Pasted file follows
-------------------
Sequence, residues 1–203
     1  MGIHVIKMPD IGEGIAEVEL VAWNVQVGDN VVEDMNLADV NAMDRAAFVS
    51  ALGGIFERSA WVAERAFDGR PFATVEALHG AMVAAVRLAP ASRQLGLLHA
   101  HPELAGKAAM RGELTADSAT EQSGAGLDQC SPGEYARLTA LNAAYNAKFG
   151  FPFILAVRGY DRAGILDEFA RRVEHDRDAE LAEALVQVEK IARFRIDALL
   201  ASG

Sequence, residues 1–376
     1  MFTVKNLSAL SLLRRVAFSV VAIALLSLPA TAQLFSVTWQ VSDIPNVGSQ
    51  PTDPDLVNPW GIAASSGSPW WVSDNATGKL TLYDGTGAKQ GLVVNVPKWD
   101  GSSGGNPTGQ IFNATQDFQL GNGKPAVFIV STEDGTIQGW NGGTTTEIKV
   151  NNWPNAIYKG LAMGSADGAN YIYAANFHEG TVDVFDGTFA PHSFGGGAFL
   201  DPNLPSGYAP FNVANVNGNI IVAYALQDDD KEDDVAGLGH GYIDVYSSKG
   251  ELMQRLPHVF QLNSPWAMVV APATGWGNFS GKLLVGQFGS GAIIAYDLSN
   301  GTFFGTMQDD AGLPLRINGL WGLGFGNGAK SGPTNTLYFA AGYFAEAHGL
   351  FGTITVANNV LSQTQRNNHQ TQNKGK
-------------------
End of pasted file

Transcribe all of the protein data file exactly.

Sequence, residues 1–203
     1  MGIHVIKMPD IGEGIAEVEL VAWNVQVGDN VVEDMNLADV NAMDRAAFVS
    51  ALGGIFERSA WVAERAFDGR PFATVEALHG AMVAAVRLAP ASRQLGLLHA
   101  HPELAGKAAM RGELTADSAT EQSGAGLDQC SPGEYARLTA LNAAYNAKFG
   151  FPFILAVRGY DRAGILDEFA RRVEHDRDAE LAEALVQVEK IARFRIDALL
   201  ASG

Sequence, residues 1–376
     1  MFTVKNLSAL SLLRRVAFSV VAIALLSLPA TAQLFSVTWQ VSDIPNVGSQ
    51  PTDPDLVNPW GIAASSGSPW WVSDNATGKL TLYDGTGAKQ GLVVNVPKWD
   101  GSSGGNPTGQ IFNATQDFQL GNGKPAVFIV STEDGTIQGW NGGTTTEIKV
   151  NNWPNAIYKG LAMGSADGAN YIYAANFHEG TVDVFDGTFA PHSFGGGAFL
   201  DPNLPSGYAP FNVANVNGNI IVAYALQDDD KEDDVAGLGH GYIDVYSSKG
   251  ELMQRLPHVF QLNSPWAMVV APATGWGNFS GKLLVGQFGS GAIIAYDLSN
   301  GTFFGTMQDD AGLPLRINGL WGLGFGNGAK SGPTNTLYFA AGYFAEAHGL
   351  FGTITVANNV LSQTQRNNHQ TQNKGK